My Lords, there seems little doubt that Azeri troops have inflicted deliberate—and apparently officially sanctioned—cultural damage on these grave sites, concreting them over and deliberately setting out to destroy them. Not only is that bad in every cultural sense, but it obviously does not help to resolve the Nagorno-Karabakh dispute.
Might we not go a little further than looking to the Azeris to halt their actions or hoping that UNESCO will do something? Could we not use very much stronger words to the Azeri Government and say that this is not helping the peace we all want to see in that part of the world and that it is putting an ugly stain on the reputation of Azerbaijan?
My Lords, I entirely agree that this is not helping in either Azerbaijan or Armenia. The noble Lord is absolutely right to say that this has a direct impact on the Nagorno-Karabakh dispute. It is important that discussions are taking place to try to resolve that conflict. We are working to do so with people like the Minsk group. In doing that, we must take account of the damage inflicted on the cultural sites, because it is part of a much wider problem.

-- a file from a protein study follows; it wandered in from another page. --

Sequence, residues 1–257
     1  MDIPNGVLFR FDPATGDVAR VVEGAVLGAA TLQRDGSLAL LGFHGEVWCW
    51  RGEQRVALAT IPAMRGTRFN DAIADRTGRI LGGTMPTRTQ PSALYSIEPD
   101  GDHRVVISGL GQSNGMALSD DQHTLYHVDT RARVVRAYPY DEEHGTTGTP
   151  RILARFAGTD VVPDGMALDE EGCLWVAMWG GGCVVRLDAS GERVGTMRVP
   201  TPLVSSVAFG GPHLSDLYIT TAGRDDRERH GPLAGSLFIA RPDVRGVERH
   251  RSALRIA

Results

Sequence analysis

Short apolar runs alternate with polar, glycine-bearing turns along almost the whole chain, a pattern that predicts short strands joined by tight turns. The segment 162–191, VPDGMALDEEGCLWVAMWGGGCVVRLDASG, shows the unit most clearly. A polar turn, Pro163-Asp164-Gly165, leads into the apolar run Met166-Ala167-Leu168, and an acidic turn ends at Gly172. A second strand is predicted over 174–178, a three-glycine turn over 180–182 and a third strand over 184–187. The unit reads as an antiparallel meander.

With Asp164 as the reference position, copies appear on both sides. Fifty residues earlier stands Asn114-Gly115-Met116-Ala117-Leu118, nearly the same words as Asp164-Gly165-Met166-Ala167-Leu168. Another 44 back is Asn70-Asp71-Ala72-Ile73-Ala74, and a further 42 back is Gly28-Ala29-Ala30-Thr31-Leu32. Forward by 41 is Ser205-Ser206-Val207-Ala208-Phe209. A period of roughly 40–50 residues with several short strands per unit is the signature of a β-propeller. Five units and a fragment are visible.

My Lords, may I ask my noble friend about the state of the memorial in Baku to the British and Commonwealth soldiers of Dunster Force, who died towards the end of the First World War while attempting to cut off the supply of oil to the Central Powers? Is she aware that the memorial was due to be opened by His Royal Highness the Duke of Kent in September 2003, but the ceremony was abandoned at the last moment and the site is now terribly neglected and vandalised? I declare an interest as chairman of the All-Party Group on War Graves and Battlefield Heritage.
My Lords, I am aware of the site and that His Royal Highness was invited to open it but was unable to do so because it was vandalised. We have been assured by the Azerbaijanis that they will give it the protection it deserves, and we are not aware of any further damage since 2003.